On March 15, 2013, Japanese Prime Minister Shinzo Abe announced that Japan intends to join the Trans-Pacific Partnership Agreement (TPP) negotiations. In order for Japan to formally join the negotiations, all of the current TPP participants must consent. The eleven current TPP participants are Australia, Brunei Darussalam, Canada, Chile, Malaysia, Mexico, New Zealand, Peru, Singapore, the United States, and Vietnam. Japan will have to wait at least three months to officially join the negotiations, as the United States must conduct a 90-day Congressional consultation period before beginning trade negotiations with a new country. The next round of TPP talks is scheduled for May 15th to 24th in Lima, Peru.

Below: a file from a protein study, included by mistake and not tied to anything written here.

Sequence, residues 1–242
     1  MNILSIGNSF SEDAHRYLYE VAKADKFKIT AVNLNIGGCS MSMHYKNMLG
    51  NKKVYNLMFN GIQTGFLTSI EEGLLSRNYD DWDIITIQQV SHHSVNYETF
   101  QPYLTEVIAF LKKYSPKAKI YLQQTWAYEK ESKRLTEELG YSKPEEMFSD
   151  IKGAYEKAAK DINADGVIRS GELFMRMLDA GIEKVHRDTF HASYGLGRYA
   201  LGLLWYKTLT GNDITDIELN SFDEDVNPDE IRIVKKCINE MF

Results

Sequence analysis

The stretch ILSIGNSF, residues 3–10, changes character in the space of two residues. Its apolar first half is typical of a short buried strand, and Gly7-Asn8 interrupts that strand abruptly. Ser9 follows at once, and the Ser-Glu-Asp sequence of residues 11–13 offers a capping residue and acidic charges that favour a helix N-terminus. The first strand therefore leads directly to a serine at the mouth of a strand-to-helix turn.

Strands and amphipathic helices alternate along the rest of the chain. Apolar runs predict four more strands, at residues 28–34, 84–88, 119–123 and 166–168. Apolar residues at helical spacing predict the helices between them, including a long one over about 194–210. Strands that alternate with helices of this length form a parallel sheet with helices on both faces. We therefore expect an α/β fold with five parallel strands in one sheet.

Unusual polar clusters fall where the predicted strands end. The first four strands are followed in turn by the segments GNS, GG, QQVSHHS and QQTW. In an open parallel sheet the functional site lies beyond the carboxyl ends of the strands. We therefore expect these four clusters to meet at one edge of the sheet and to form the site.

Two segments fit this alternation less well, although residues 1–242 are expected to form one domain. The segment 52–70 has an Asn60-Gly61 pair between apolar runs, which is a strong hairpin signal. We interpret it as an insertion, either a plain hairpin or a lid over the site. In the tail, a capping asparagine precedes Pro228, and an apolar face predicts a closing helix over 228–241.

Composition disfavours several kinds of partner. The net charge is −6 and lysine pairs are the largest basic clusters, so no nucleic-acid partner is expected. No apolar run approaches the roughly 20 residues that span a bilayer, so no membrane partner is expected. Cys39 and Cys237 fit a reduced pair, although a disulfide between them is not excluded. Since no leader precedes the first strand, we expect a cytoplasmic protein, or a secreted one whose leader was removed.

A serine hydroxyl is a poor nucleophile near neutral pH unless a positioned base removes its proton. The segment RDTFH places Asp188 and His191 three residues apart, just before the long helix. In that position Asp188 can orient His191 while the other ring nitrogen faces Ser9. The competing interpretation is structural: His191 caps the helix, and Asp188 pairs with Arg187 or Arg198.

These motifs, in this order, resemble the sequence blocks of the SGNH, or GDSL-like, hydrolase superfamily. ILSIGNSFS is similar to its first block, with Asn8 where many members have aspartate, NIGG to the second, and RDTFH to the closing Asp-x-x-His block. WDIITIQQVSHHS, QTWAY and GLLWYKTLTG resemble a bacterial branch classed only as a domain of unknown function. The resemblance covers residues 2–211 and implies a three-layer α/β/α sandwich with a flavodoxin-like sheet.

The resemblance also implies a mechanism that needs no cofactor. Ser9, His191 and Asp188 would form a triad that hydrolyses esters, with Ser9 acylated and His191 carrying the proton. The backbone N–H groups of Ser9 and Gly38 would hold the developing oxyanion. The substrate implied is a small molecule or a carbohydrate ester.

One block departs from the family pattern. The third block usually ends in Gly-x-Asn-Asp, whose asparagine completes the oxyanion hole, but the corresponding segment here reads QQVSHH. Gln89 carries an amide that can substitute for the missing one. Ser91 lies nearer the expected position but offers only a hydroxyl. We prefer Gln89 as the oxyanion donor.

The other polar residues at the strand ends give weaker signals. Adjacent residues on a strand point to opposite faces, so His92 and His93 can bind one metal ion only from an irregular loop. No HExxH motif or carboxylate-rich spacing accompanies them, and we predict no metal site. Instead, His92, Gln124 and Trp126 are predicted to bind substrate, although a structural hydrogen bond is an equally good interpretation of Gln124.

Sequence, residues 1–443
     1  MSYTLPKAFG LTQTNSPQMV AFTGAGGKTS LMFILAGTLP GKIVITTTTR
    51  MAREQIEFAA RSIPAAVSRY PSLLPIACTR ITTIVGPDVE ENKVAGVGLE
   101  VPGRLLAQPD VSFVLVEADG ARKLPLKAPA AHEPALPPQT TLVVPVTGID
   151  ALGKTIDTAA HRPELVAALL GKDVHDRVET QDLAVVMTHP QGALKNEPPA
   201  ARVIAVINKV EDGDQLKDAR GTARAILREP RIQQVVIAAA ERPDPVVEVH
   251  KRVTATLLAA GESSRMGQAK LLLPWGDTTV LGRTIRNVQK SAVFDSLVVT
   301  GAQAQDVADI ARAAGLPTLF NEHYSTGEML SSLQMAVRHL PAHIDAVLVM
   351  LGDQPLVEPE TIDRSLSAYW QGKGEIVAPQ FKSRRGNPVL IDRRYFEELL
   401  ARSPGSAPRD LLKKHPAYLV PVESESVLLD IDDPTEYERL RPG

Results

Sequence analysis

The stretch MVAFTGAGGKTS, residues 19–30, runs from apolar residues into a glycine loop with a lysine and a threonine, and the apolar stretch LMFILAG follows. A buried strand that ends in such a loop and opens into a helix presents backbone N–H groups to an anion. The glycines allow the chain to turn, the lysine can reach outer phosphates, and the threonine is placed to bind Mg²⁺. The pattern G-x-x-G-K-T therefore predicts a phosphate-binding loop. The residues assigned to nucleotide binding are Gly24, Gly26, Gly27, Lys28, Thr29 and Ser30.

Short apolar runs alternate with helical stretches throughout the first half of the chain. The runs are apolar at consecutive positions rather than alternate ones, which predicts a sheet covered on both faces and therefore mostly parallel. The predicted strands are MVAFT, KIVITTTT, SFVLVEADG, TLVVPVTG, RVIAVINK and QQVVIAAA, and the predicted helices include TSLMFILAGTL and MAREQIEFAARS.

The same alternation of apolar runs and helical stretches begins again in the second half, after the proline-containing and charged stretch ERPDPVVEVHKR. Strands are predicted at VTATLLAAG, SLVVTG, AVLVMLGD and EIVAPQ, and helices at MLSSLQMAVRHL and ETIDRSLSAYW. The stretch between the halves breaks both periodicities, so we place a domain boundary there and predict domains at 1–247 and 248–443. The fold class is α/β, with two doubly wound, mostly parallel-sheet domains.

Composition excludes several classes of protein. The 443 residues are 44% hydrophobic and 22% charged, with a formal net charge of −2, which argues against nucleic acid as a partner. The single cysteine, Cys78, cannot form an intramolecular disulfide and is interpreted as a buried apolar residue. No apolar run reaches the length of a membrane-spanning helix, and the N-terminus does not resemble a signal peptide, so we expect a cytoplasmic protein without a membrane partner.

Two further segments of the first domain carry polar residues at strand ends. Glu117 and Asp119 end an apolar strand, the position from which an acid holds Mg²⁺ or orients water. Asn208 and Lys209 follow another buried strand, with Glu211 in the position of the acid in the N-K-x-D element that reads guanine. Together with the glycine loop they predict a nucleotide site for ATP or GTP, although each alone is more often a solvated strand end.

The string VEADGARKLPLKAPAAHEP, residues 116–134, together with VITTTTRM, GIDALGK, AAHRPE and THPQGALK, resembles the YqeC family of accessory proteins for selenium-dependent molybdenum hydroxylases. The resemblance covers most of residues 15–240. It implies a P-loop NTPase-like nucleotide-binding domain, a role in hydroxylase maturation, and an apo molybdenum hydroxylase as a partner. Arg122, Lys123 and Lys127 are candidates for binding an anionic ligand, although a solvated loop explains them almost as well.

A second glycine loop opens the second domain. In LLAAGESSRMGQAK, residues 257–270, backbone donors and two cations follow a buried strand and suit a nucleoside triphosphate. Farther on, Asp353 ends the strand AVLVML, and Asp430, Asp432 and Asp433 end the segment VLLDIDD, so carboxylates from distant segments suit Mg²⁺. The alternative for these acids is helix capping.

Japan’s bid for inclusion in TPP may face challenges from the U.S. House and Senate. On March 14, 2013, one day before Prime Minister Shinzo Abe’s announcement, 48 members of Congress sent President Obama a letter questioning Japan’s readiness to open its markets. House Ways and Means Chairman David Camp (R-MI) also released a statement in response to Japan’s announcement, stating “I remain concerned that Japan has not yet provided adequate assurances that it is fully committed to resolving the outstanding barriers to trade between the United States and Japan, especially as it relates to our auto exports and insurance, which is essential to receiving my support for Japan to join the negotiations.”